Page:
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Everett memorial service honors Brenton, fallen workers

From left, Snohomish County Executive Aaron Reardon looks on as Lisa Brenton, widow of Timothy Brenton, speaks outside the Snohomish County Courthouse April 28, in honor of her husband and all the other fallen workers in the state, while family friend Mark Masurick adjusts her microphone. - Kirk Boxleitner
From left, Snohomish County Executive Aaron Reardon looks on as Lisa Brenton, widow of Timothy Brenton, speaks outside the Snohomish County Courthouse April 28, in honor of her husband and all the other fallen workers in the state, while family friend Mark Masurick adjusts her microphone.
— image credit: Kirk Boxleitner

EVERETT — Timothy Brenton, the Marysville resident and Seattle police officer who was killed in the line of duty last year, was among those honored during the Snohomish County Labor Council’s Workers Memorial Day observance ceremony April 28.

Lisa Brenton, Timothy Brenton’s widow, spoke outside the Snohomish County Courthouse in honor of her husband and all the other fallen workers in the state, before a brick was dedicated to her husband at the base of the Workers Memorial sculpture outside the Courthouse. She thanked the community for its support of her family, from the assistance she’s received in caring for her children to the number of donations her family has been given, including a new addition to their house.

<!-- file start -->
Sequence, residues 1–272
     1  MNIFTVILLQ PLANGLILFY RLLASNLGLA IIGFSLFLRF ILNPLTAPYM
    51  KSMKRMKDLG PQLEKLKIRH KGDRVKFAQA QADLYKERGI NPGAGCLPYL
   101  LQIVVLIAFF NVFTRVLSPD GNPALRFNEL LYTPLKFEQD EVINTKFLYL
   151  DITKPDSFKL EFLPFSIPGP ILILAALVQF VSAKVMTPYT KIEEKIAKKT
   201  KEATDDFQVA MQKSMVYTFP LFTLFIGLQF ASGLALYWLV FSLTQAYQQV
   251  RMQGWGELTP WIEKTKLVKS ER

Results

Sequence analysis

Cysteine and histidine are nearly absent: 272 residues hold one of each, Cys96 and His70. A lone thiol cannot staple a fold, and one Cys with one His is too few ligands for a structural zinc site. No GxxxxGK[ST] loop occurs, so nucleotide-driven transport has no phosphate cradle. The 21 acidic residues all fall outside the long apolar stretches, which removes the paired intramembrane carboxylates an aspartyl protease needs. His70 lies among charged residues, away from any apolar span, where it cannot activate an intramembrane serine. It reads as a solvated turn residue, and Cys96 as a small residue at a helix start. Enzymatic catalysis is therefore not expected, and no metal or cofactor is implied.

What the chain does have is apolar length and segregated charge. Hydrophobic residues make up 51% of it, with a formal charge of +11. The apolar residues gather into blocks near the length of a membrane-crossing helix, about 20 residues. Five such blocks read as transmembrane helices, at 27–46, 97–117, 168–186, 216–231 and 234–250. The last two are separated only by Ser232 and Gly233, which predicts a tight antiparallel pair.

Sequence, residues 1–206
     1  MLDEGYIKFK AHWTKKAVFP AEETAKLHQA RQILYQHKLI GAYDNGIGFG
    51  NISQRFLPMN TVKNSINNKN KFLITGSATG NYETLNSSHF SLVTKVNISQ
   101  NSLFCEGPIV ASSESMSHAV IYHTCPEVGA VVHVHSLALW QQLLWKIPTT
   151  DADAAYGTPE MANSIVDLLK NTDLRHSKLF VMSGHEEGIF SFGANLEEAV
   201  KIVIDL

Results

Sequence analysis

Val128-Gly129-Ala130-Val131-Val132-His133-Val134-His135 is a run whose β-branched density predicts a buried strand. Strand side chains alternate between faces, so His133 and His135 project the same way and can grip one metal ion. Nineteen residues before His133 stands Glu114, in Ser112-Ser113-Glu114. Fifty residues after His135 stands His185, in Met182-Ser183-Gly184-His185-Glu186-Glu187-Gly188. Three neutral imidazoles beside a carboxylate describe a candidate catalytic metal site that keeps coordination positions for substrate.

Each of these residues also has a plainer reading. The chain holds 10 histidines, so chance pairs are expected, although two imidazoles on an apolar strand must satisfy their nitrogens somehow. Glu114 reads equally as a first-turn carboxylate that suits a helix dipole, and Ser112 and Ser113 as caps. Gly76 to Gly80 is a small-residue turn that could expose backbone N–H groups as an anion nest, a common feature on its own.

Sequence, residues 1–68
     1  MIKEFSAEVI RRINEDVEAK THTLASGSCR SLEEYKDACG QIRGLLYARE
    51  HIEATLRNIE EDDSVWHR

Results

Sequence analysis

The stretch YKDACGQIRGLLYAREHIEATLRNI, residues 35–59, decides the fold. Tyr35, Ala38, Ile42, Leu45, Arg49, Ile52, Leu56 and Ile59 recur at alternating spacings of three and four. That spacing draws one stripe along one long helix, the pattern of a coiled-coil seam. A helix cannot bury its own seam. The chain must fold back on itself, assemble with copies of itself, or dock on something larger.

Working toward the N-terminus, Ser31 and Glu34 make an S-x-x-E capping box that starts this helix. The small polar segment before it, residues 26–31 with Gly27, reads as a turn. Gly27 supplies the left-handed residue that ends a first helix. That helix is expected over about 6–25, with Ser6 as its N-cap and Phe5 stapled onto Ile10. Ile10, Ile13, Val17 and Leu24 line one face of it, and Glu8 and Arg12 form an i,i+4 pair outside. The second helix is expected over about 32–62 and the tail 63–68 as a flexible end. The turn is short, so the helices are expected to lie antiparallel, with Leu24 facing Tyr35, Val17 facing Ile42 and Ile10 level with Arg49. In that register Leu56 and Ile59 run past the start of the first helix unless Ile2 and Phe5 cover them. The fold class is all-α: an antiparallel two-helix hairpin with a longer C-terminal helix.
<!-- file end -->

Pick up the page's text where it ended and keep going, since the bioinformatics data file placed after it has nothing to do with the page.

“I never cease to be surprised by the depth of kindness in the human spirit,” Brenton said through tears April 28. “The greatest comfort to my husband would have been knowing that his family would be taken care of in his absence.”

“Lisa, I know that this is difficult for you, but I admire your courage,” Snohomish County Executive Aaron Reardon said, after she’d returned to her seat. “I want you to know that the community is behind you and your family, and we are working to prevent these acts from happening again to anyone else in the future.”

Timothy Brenton was one of seven police officers and 73 state workers whose names were read aloud, along with 13 military members, to memorialize their deaths on the job last year. Snohomish County Sheriff John Lovick described the ceremony as very moving.

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